Croatia Watch: Significant rise in public debt

In 2020 public debt reached 89.1% of GDP. Based on the recovery, the 2021 fiscal metric is projected to improve and return within the Maastricht criteria. The uptake of the EU funds should significantly mitigate a stronger blow to public finances in the upcoming years.

Public debt spikes in 2020​​​​​​​

HNB, RBI/Raiffeisen Research

At the end of 2020, the total debt of all general government subsectors (domestic and foreign central government debt, social security funds and local government debt) amounted to HRK 329.7 bn, which represents a growth of HRK 36.8 bn or 12.6% compared to the end of 2019.

Seen in relative terms, the total general government debt recorded 89.1% of annual GDP at the end of 2020, rising from 72.8% as recorded the year before, and ending the trend of a declining public debt that lasted from 2014 when it was at the level of about 85% of GDP.

The strongest contribution to the growth of the general government debt in 2020 came from the domestic component, that increased by 13.2% compared to the end of 2019. On the other hand, at the end of 2020, the foreign component recorded a growth of 11.3% yoy. Noting that the data regarding the structure of general government debt by main debt instruments and debt futures are available only for the unconsolidated general government debt, the debt structure is dominated by long-term debt instruments (64.4%), which are followed by long-term loans (29.1%) and short-term loans and securities (together 6.5%).

Budget balance
MF, RBI/Raiffeisen Research

Challenging Times Continue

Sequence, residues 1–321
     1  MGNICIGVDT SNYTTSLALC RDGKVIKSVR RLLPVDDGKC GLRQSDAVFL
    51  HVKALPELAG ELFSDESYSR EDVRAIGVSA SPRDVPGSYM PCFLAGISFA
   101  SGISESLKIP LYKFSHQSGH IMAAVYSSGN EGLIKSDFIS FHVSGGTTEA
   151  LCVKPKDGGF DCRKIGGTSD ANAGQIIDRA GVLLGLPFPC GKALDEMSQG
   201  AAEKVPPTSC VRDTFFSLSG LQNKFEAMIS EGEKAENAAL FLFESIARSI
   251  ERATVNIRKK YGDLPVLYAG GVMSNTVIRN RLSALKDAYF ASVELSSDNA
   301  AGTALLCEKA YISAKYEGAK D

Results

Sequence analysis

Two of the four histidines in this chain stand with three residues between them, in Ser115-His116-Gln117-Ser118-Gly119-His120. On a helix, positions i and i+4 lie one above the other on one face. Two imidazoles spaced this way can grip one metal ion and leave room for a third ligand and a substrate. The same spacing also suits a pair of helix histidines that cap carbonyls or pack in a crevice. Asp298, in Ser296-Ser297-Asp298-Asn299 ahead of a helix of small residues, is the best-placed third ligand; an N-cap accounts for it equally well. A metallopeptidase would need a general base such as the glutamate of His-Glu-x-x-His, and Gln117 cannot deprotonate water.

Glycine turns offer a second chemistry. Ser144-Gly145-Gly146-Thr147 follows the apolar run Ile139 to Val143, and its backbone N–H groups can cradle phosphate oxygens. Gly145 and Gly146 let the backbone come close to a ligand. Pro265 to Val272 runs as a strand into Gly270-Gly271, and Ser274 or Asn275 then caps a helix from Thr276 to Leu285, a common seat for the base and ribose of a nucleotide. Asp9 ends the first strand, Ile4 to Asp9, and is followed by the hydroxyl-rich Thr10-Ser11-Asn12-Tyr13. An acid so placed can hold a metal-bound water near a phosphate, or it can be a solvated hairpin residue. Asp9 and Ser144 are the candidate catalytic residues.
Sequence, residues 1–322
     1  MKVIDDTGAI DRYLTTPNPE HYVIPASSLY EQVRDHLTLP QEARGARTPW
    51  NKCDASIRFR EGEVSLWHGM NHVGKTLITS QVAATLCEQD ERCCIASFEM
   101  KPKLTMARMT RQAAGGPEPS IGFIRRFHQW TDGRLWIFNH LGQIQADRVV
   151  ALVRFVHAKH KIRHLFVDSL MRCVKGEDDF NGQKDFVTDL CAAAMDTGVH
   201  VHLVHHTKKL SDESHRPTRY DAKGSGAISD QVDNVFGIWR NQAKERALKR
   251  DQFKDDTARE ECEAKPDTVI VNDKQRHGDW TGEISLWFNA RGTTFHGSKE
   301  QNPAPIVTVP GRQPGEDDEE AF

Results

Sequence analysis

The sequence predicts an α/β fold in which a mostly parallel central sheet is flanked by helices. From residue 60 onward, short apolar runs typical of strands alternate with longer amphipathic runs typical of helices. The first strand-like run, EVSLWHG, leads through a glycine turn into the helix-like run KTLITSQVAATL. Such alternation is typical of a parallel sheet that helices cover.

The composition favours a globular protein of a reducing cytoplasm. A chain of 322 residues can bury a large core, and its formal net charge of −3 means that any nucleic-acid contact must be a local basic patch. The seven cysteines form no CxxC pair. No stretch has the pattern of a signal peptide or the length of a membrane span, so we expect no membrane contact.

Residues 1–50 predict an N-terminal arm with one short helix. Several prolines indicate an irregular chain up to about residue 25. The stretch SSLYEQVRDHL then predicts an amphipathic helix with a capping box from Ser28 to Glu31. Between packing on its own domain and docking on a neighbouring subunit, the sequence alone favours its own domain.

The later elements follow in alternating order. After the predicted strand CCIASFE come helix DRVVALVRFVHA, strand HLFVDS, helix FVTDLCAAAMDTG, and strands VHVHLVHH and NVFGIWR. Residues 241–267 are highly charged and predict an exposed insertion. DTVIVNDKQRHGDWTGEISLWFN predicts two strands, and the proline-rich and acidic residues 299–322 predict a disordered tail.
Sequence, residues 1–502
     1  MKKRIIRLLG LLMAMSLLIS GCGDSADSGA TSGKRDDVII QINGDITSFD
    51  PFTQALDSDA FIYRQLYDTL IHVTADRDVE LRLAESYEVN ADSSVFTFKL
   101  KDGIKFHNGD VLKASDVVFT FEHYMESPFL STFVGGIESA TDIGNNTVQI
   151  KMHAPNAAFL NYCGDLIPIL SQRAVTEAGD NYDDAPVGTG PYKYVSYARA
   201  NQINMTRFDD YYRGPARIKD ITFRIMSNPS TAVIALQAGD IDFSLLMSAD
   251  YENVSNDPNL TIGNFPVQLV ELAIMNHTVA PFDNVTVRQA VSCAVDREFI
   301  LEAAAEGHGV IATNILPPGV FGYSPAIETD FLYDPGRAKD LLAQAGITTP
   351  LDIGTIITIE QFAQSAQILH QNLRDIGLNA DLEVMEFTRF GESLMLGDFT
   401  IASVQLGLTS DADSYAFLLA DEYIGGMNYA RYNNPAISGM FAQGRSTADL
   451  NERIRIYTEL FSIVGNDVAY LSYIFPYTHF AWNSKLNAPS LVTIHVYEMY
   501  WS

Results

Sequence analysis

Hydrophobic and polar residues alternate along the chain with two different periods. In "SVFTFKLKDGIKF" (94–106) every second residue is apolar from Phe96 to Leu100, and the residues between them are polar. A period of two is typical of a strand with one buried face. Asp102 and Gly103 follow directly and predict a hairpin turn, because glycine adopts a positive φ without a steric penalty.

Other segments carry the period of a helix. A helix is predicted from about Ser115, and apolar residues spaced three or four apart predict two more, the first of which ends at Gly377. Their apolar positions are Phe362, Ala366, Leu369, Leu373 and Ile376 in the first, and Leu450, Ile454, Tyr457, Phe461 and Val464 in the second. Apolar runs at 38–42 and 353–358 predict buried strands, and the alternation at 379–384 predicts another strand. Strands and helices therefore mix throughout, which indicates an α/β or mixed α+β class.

The ratio of general government debt to GDP should return to a downward trajectory this year. While the European Commission has confirmed that this year, and most likely in 2022, the general escape clause will remain activated, by which full flexibility of the Stability and Growth Pact was approved in March 2020, the Ministry of Finance plans to meet the budget deficit criteria as early as this year. Likewise, according to the MoF projections on public debt movements, the three-year budget plan foresees a permanent reduction of the debt level relative to GDP by 2 percentage points each year, which is in line with the Maastricht criteria. The permissible deviation from the mid-term budget target or from the appropriate adjustment path puts Croatia in a better position, in particular, taking into account the high aspiration to join the euro area. However, this does not address the need for fiscal consolidation and the return of fiscal metrics to a sustainable path.

The availability and use of the EU money should significantly soften the impact on public finances in this and in the coming years. The withdrawal of contracted funds from the current Multiannual Financial Framework (2014-2020) is expected to accelerate, and on the other hand, new funds from the Multiannual Financial Framework (2021-2027) are also foreseen, from this new Framework Croatia has around EUR 9.15 billion at its disposal. Furthermore, the Government's fiscal projections also include the use of funds from the Next Generation EU instrument aimed at boosting recovery of the economy from the pandemic and making it more resilient to future crises. Given the significant growth in public debt as a result of the corona crisis, financing state needs with the EU funds is encouraging, as any additional growth in public debt, i.e. any additional borrowing, would potentially signify a deterioration in the financing conditions in financial markets, i.e. higher interest rates, which could then lead to a crisis in public finance.